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CLAUDE DELAVAL COBHAM
Exerpta Cypria
page 371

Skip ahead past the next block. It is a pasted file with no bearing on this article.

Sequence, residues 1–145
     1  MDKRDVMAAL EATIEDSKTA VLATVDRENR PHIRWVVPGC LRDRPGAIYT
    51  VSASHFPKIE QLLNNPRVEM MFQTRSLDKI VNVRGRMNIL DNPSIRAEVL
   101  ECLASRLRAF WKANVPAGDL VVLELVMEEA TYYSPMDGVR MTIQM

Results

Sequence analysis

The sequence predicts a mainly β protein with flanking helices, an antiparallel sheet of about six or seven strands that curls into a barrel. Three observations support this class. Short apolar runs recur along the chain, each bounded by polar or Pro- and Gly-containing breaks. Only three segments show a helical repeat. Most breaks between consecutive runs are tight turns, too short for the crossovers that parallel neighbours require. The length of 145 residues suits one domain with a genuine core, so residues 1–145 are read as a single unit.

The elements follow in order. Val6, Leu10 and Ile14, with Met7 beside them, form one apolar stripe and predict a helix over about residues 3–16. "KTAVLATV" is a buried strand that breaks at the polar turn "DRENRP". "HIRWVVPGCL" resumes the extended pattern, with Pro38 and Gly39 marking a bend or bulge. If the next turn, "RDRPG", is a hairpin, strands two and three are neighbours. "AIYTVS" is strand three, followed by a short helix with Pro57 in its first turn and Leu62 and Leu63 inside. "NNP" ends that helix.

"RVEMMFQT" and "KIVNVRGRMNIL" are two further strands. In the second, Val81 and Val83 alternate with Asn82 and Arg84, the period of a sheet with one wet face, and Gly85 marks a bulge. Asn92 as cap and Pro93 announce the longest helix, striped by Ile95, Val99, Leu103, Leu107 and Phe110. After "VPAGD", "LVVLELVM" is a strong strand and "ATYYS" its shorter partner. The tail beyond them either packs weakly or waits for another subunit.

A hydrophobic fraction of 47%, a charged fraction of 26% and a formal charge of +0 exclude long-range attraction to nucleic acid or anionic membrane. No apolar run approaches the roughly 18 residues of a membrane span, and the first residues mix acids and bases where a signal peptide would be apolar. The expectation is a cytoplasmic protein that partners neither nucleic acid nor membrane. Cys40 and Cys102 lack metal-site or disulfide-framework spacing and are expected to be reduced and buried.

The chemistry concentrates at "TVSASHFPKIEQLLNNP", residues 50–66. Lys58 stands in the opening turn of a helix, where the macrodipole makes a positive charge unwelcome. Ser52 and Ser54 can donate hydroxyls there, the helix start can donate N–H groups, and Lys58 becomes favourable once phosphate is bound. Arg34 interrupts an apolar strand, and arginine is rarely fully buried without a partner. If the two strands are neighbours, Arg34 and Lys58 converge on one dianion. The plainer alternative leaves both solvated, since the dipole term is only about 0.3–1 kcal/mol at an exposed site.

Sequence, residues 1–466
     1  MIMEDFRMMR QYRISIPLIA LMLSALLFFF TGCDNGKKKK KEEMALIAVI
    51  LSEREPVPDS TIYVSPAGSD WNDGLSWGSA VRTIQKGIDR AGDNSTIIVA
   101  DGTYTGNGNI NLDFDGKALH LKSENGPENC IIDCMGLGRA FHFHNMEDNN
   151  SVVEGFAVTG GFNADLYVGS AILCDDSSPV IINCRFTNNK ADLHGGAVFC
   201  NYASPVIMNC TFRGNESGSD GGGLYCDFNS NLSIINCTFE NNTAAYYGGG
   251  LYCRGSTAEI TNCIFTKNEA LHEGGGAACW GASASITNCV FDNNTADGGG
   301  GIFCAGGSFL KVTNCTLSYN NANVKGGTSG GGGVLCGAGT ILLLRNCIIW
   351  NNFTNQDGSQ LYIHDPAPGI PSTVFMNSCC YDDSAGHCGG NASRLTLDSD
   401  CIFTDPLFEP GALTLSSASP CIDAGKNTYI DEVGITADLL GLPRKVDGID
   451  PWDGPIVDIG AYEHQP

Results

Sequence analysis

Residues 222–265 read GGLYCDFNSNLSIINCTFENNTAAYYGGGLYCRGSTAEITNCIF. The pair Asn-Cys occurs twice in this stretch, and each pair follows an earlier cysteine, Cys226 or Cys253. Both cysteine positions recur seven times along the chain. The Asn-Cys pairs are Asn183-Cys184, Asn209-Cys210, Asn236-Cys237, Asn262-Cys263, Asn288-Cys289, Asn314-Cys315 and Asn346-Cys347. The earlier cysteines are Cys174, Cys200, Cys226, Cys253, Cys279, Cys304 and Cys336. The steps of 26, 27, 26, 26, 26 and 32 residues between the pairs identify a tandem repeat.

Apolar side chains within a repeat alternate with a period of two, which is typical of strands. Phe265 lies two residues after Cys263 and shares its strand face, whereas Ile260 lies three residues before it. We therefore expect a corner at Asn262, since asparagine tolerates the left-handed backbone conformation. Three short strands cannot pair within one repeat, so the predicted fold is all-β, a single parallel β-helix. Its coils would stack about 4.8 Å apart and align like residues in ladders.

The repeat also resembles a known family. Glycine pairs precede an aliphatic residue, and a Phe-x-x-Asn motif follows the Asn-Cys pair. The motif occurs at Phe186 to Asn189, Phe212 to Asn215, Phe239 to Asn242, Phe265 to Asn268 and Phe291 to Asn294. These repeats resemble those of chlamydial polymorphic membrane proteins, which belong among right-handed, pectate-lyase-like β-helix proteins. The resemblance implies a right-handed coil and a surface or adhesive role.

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CYPRIAXOS. 3C1 Suleiman efendi, an old and discreet man, to enquire into the doings of Hafuz efendi, and to take over the duties of muhassil, with other orders which we shall see presently. He then instructed the bishops to embark on the vessel by which Suleiman efeudi was sending his household and effects to Cyprus, while the new Governor travelled by land. Ibrahim Bey landed at Lemessos, found the revolt growing more serious, and by playing the fox managed to smooth tilings down. The bishops reached Larnax in February, 1706, learned that Khalil had invested the capital and was bombarding it, and remained on board until Ibrahim Bey had deceived him, by writing that he brought lvhahTs appointment as Governor : the rebel then raised the siege of Levkosia and withdrew to Kyrenia. The bishops sent him bakhshish from Larnaca, with assurances that they had praised his conduct to the Porte, iu that he had prevented Hafuz from exacting money unlawfully, aud that Suleiman efendi was coming to enquire into the whole matter. He was fool enough to believe them, and sent his khanjar as a token of their personal safety, to show, m fact, that they might safely return to Nicosia. A few days later Suleiman efendi arrived at Kyrenia. He told Khalil that he was come to enquire why, aud with whose leave, Hafuz demanded so much from the Turks and rayahs: he made the rebel a present of a furred coat, addressed him as his dear son, and hinted that he brought his commission as Governor. Having done so much to mislead the insurgents, he continue^! his journey aud arrived in Nicosia the week before Quinquagesima. There, after conferring with Ibrahim Bey aud the natives, he decided that it wonld be difficult to put down the nsing, and wrote at once to the Porte. Ordere were sent then to Kior Ahmed, a Pasha of two tails, to Kior Keloghln of Caramania, and to the Alay Bey of Attalia, Ja'fer Bey, to transport to Cyprus a sufficient force to reduce the rebel Khalil and his following. Before the news of their coming reached Khalil or the people generally Hafuz efendi's term had come to an end, and Suleiman efendi was proclaimed Governor. The rebel, seeing now he had been deceived by his "dear father/' marched against him and on June I again encamped at Mandia, full of wrath, and determined ntterly to destroy the capital, and slaughter its inhabitants, his "father" and all, in revenge for the trick. Suleiman began to tremble before his son Khalil, ordered the gates to be shut, and a watch of Turks and Greeks to be set round the citadel. Then, affecting to believe that the bishops were the cause of the trouble which was endangering his life, he ordered them to sleep in the Serai, and to remain there nntil they saw what would happen, and the order was obeyed. Khalil fired into the city day and night, and the citizens replied, but no sally was made. Ten or twelve days at the most elapsed before the Pasha and his companions arrived, with a force of two thousand men. Khalil immediately raised the siege, and returned to his castle, where he fortified himself and a large following. The Pasha readied Nicosia, and marched on to Kyrenia with Kior Keloghln and the Bey of Attalia. Ja'fer Bey and Ibrahim Bey came by sea, and snrrounded the castle with their galleys. Hemmed in on every side the silly rebel held out for forty days with his handful of adherents; pressed at last by famine, they were obliged to surrender. Khalil's head was cut off, and sent to Constantinople. The exploit won for Ahmed Pasha his third tail. Emir Ahmed, Khalil's Kiaya, who was the first to stir up trouble, was impaled. Other two hundred or more of the insurgents were hanged or impaled, and the country was relieved of the presence of a herd of miscreants. Khalil and his crew were exterminated about the beginning of September, and by order of the Porte Ahmed Paslia and the others left the island, which was glad to be lid of the Caramanians, a set of savages, thieves and murderers. I have mentioned that the island debt exceeded 1000 purses, while the wretched inhabitants who were trying to pay it hardly amonnted to 10,000 Greeks and 5000 or 0000 Turks. In 1767 about the beginning of

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